After the Yukon Liberals’ victory last week, non-profit and community groups are hoping the new government will consult them to work on some of the territories’ most pressing social issues.
“We aren’t looking for quick fixes but good fixes,” Kristina Craig, the Yukon Anti-Poverty Coalition’s coordinator, told the News on November 8th.
“In the short term the priority for the government is to take some time to learn the ins and outs of some of these issues.”
On top of working with their respective departments, Craig said it’s crucial for MLAs to collaborate with groups like hers who work on the ground and know first-hand what the situation is like.
The new government will have to deal with issues around high housing and food costs in the territory.
Craig said she hopes the government “will take a good long look” at how to reduce the cost of living in Whitehorse.
In June, the Anti-Poverty Coalition released its estimate of a $19.12-per-hour living wage.
The wage is calculated based on what a family requires to meet its basic needs, once government transfers and deductions have been taken into account.
On the issue of food security, Craig wants the new government to continue the work done on access and cost. The Yukon government released a food strategy last year, but it didn’t come with any funding, Craig said.
The territory is also grappling with high rates of addiction, especially to alcohol.
Emily Jones, acting director for Blood Ties Four Directions, wants the new government to look at the services offered for people suffering from both addiction and mental health issues.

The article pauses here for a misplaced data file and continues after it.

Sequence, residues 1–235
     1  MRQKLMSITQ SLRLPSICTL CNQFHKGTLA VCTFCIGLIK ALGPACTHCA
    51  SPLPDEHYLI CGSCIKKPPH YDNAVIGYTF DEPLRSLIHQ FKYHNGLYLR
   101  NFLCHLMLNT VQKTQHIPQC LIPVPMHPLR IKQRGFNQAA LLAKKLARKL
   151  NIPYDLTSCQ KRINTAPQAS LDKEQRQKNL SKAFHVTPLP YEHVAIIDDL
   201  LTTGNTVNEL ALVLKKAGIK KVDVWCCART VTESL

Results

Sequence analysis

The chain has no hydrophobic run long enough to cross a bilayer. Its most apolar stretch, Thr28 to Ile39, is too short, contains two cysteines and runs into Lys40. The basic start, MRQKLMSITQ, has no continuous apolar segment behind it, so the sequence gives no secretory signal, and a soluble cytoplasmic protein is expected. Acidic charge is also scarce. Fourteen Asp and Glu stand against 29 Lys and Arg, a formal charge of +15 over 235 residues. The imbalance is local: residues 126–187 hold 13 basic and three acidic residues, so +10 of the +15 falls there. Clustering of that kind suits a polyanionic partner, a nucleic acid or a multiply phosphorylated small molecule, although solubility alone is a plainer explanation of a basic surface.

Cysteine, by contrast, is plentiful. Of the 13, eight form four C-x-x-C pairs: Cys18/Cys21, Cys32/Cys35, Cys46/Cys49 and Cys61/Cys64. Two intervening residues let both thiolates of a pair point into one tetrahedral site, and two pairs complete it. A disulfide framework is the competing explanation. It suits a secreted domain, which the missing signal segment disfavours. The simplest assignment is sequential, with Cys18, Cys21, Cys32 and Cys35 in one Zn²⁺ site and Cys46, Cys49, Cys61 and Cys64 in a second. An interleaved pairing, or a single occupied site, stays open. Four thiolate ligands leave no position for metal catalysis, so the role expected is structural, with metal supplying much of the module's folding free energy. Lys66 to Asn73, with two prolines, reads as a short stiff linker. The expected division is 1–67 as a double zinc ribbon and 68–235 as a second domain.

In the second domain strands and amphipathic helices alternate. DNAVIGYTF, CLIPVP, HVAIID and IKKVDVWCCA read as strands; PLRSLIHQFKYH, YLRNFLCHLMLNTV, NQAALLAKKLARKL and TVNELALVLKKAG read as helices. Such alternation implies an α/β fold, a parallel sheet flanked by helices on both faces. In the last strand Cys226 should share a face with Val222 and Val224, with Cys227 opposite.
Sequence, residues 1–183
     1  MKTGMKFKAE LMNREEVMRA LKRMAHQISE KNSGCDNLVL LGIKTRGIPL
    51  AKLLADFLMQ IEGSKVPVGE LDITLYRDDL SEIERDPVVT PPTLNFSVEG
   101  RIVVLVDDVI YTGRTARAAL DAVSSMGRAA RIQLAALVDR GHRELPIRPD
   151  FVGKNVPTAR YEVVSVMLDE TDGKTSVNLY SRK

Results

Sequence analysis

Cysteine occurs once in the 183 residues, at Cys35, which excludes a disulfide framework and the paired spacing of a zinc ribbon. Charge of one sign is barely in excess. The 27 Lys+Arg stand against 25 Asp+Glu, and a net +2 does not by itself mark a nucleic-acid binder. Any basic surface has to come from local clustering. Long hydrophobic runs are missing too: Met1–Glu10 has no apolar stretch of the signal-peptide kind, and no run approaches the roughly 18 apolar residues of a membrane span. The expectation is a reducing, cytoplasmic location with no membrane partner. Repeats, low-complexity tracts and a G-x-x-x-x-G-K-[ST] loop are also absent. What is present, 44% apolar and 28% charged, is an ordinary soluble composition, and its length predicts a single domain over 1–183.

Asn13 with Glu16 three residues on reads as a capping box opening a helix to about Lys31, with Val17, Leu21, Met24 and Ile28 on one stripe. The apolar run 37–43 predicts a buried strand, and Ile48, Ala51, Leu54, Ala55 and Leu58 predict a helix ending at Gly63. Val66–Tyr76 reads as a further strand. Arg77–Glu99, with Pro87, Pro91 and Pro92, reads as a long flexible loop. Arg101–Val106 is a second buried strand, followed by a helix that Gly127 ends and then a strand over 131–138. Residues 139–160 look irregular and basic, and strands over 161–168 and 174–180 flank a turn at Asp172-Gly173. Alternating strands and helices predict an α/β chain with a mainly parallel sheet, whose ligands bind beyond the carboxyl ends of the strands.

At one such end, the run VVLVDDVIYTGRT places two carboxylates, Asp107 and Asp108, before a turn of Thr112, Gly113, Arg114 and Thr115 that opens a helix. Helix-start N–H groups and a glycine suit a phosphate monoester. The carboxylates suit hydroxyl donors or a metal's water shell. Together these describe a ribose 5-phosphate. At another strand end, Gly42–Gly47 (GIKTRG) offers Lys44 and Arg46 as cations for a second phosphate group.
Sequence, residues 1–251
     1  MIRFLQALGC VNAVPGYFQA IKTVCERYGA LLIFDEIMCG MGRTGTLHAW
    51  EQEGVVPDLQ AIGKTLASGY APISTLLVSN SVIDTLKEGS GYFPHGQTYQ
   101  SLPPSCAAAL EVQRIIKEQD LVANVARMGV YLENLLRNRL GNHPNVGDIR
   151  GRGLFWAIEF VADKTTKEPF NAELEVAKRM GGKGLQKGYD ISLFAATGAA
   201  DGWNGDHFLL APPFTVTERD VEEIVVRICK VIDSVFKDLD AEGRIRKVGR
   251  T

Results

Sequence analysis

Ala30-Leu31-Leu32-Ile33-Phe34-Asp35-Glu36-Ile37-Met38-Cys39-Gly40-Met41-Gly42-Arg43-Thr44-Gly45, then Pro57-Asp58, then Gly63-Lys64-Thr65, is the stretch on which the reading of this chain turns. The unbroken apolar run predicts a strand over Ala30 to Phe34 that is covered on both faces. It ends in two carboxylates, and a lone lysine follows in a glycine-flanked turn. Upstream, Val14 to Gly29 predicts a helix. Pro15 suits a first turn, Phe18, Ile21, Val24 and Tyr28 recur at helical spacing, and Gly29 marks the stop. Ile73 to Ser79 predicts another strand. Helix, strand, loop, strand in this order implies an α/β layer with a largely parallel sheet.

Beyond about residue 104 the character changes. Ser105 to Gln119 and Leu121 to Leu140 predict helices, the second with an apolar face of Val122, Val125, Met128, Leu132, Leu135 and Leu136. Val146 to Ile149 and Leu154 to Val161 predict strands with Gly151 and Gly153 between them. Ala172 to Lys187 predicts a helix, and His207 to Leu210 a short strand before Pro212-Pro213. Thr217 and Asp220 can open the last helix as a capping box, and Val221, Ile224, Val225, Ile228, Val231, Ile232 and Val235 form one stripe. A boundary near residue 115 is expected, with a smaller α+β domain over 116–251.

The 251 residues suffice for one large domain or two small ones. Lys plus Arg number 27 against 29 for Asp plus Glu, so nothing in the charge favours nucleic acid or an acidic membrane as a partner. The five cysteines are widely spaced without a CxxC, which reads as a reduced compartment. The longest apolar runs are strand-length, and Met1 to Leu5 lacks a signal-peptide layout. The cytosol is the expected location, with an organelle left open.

“If someone had psychosis and addiction, they can’t receive treatment here,” Jones cited as an example.
“They’re often sent to B.C. which is taking them out of their home, their community.”
Because of the high rates of alcoholism in the territory, Jones said the government should look at a harm reduction approach, including monitored doses of alcohol.
“The only treatment available (here)… is abstinence-based programs,” she said.
The current model that requires people to stay sober first doesn’t work, she said.
“We have a huge alcohol issue,” she said. “And people are dying because of it.”
The government should also look at housing-first initiatives, Jones said.
Housing-first approaches provide temporary housing to people in need without requiring them to be sober. The idea is to provide a stable environment to start dealing with their own issues.
Blood Ties ran a housing-first program, the Steve Cardiff house, that had to shut down this fall because they couldn’t find new land to put the house on.
But the program proved successful, Jones said.
Like Craig, Jones hopes the Liberals will continue the work the previous government did when it comes to consulting local groups.
On the language side, l’Association franco-yukonnaise (AFY) hopes to meet with premier-designate Sandy Silver in the coming weeks.
During the campaign, the Liberals committed to building the French high school, which the Yukon Party government had started, AFY president Angelique Bernard said.
AFY also asked that the new government look at providing more mental health services in French by creating a bilingual health centre.
“Mental (health) is a big issue in any language,” she said. “If you want services in French, sometimes the wait list is twice as long (as in English).”
Bernard made a point of thanking Elaine Taylor, the outgoing Yukon Party minister responsible for the French Language Services Directorate, for her “tremendous support” to the community.
Contact Pierre Chauvin at firstname.lastname@example.org